Art and Ecology Practicum

Art and Ecology Practicum is an Art Studio course, to be distinguished from Art History 348 Art and Ecology.

In the realm of ecologically-oriented art, there is a growing field of strategies, with artists and artist networks, curators, books and exhibitions, university majors and degree programs. Within this broad effort, eco-artists work across disciplines and within communities to:

  • Focus attention on the web of interrelationships in our environment — to the physical, biological, cultural, political and historical aspects of ecological systems;
  • Create artworks that employ natural materials, or engage with environmental forces such as wind, water, or sunlight;
  • Reclaim, restore, and remediate damaged environments;
  • Inform the public about ecological dynamics and the environmental problems we face; 
  • Re-envision ecological relationships, creatively proposing new possibilities for co-existence, sustainability, and healing.

Eco-artists assert our entanglement in a more-than-human world. They introduce ecologically relevant timeframes, longer than a human life span, longer than generations. Their work exposes empty-world assumptions, that there is “always another forest to cut, a grassland to plow, a fishery to trawl, always an upstream, an upwind, a place that is away” (Thomas Princen). Ultimately, they extend the creative problem- solving of contemporary art practice to the larger societal concern of sustainability.

abstract illustration depicting some bats hanging upside-down, and some flocking away

We can never fully understand the perspective or experience of these whales, but we can use what we have learned about them to form radical empathy and compassion for them as members of our own community. I think one of the greatest lessons that I’ve learned from Gray Whale, is that the environmental issues at hand know no borders. Grays are nomadic, their habitat spans tens of thousands of miles and the struggles that they face do as well. They remind me that our planet is one living, breathing, connected ecosystem and that every being is dependent on all others and on the health of their habitat whether it spans a few miles or a few thousand.

Ruby Jones
Art & Ecology Student
watercolor image of a crow or raven

Galleries of student projects from the Art & Ecology classroom

rough drawing of a bat with open wings

See how students grow their eco-art practices beyond the classroom

watercolor style illustration of an eel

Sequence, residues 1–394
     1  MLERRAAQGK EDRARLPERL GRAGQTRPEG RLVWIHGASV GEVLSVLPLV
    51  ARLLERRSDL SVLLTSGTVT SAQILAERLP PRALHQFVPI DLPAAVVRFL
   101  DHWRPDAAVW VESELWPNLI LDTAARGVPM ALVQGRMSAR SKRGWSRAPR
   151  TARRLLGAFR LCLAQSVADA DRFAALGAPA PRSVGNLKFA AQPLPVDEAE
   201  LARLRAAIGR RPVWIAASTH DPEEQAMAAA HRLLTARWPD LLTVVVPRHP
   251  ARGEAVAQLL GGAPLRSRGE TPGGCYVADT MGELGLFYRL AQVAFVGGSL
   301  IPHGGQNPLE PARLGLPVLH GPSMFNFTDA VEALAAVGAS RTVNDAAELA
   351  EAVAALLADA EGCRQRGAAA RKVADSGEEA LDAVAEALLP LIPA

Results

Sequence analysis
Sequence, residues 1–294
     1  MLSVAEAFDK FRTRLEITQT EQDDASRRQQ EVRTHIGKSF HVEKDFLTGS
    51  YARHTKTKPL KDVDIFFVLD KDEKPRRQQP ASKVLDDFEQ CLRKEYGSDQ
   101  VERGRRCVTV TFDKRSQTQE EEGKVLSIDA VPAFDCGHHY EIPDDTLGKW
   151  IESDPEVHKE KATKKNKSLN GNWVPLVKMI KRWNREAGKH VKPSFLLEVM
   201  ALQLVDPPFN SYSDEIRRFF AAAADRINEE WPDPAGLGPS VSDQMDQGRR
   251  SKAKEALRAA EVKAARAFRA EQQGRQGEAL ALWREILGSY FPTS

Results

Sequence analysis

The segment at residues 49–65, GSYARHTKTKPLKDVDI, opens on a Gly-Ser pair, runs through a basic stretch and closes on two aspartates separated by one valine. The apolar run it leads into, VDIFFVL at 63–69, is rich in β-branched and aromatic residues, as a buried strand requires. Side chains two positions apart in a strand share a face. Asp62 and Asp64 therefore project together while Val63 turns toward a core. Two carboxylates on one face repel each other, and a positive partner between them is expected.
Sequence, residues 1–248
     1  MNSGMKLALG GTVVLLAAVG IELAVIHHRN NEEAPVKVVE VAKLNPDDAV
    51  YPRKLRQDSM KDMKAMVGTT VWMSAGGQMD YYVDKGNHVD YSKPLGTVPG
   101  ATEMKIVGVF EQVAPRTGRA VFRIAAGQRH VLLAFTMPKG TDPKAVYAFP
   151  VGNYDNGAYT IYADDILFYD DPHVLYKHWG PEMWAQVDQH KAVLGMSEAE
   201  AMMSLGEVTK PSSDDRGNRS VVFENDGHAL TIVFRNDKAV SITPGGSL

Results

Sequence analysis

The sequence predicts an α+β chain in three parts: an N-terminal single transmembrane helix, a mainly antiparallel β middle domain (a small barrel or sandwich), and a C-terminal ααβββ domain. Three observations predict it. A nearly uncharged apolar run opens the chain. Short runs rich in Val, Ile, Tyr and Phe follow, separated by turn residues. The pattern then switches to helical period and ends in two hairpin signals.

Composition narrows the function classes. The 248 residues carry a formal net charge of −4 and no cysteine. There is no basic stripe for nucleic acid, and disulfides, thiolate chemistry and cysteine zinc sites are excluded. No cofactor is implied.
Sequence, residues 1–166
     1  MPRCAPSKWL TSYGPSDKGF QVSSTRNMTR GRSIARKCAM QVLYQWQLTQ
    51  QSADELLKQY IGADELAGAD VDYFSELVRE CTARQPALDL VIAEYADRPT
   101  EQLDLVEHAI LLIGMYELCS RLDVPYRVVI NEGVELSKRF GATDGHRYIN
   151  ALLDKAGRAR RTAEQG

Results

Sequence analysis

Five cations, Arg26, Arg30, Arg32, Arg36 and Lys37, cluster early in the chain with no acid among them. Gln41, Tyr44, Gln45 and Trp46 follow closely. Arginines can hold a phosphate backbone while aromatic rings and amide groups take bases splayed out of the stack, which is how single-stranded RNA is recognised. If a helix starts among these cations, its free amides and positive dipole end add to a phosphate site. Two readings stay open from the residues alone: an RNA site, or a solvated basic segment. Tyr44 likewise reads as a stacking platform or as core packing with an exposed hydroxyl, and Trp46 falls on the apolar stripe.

Field trips, visiting artists, and other events; where we go and who we meet

Student Learning Outcomes

Through this course you will:

  • widen your imaginative and aesthetic capacities to respond to field study, scientific research, and indigenous practices in your contemporary art practice;
  • acquire wide-ranging interdisciplinary knowledge about a nonhuman organism of the Salish Sea region and its habitat through self-directed research;
  • develop skills with multidisciplinary practices of installation, collaboration, field work, and social practice through hands-on projects;
  • gain familiarity with a wide range of international artists addressing ecology, especially issues of biodiversity, threats to biodiversity, and climate change, learning about the strategies and critical concepts they employ.

I keep the ancestors in mind as I begin my journey . . . I am in land, waters that are not my own, and I ask for the guidance to follow this project with respect and honor. I understand that even if we’re in different lands my ancestors are always with me and that they can communicate with those here to create harmony and solidarity. We come in peace to understand that water is life, and that our connection to the earth is deeper than we have been made to believe. La tierra es sagrada y mágica, aquí o allá, donde sea que sea lo mismo. Que esta experiencia me dé nueva sabiduría y me dé curación y conocimiento ancestral . . .  { The land is sacred and magic, here or there, wherever it is the same. May this experience give me new wisdom and give me healing and ancestral knowledge . . . }  ♥

Samara Almonte
Art & Ecology Student
A person wearing a backpack sits on a log over a lushly forested river, looking up the river

I want to acknowledge that this gathering and celebration is being produced by this Western Washington University on the ancestral homelands of the Coast Salish Peoples past and present, and honor with gratitude the land itself and the people who have stewarded it throughout the generations. This calls me to commit to continuing to learn how to be a better steward of the land I inhabit as well.

It is important to acknowledge the long-standing history that has brought us all to reside on the land, and to seek to understand our place within that history. Land acknowledgements do not exist in a past tense, or historical context: colonialism is a current ongoing process, and we need to build our mindfulness of our present participation. It is also worth noting that acknowledging the land is Indigenous protocol.

I would also like to recognize all the people who have built, created, and died in the process of this society being what it is today. The diasporic actions of the Euro colonizers have created damaging ripples in those communities that still require action to be taken.

Here in Bellingham Washington we recognize the Lummi, Semiahmoo and Nooksack tribes and their neighboring stewards the Samish, Stilliguamish, Sauk-Suiattle and Swinomish tribes.

Need more info?

For advising and information about the Department of Art & Art History, email us or call 360-650-3660.